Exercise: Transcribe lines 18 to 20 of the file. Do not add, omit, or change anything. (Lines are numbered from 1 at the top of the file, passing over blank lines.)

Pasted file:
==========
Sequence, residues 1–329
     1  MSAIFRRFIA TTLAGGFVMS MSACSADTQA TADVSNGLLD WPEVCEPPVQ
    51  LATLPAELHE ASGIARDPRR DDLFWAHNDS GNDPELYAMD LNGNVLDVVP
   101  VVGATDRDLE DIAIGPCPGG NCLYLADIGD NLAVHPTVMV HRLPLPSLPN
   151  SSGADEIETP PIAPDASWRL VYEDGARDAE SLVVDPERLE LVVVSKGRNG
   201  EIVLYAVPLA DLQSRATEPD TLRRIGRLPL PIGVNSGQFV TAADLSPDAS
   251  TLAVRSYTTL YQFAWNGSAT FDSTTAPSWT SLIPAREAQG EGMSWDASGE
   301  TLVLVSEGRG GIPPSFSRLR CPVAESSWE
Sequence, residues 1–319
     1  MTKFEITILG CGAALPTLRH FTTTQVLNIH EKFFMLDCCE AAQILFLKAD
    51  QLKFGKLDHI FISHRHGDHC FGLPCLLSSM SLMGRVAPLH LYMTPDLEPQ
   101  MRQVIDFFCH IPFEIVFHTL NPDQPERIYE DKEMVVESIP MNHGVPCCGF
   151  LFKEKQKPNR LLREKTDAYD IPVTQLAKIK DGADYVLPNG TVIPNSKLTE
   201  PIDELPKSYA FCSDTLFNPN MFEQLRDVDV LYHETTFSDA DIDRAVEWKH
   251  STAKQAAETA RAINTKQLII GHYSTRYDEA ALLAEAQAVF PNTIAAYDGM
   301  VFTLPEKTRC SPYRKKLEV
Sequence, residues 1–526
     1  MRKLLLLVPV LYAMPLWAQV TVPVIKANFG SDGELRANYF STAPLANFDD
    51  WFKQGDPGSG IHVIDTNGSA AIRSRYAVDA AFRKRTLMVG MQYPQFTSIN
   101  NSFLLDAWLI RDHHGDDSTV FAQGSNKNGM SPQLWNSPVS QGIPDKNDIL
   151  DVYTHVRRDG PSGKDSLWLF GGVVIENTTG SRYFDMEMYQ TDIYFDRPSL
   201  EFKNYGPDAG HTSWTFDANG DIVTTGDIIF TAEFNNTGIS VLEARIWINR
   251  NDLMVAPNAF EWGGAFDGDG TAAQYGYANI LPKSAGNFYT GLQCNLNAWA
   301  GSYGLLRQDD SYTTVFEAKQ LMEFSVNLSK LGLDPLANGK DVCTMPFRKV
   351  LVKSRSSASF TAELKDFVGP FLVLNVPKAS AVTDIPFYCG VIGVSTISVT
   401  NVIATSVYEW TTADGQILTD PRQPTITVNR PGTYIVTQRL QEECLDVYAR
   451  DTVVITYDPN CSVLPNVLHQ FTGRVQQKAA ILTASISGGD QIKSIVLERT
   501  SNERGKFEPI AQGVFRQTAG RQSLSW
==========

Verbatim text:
     1  MRKLLLLVPV LYAMPLWAQV TVPVIKANFG SDGELRANYF STAPLANFDD
    51  WFKQGDPGSG IHVIDTNGSA AIRSRYAVDA AFRKRTLMVG MQYPQFTSIN
   101  NSFLLDAWLI RDHHGDDSTV FAQGSNKNGM SPQLWNSPVS QGIPDKNDIL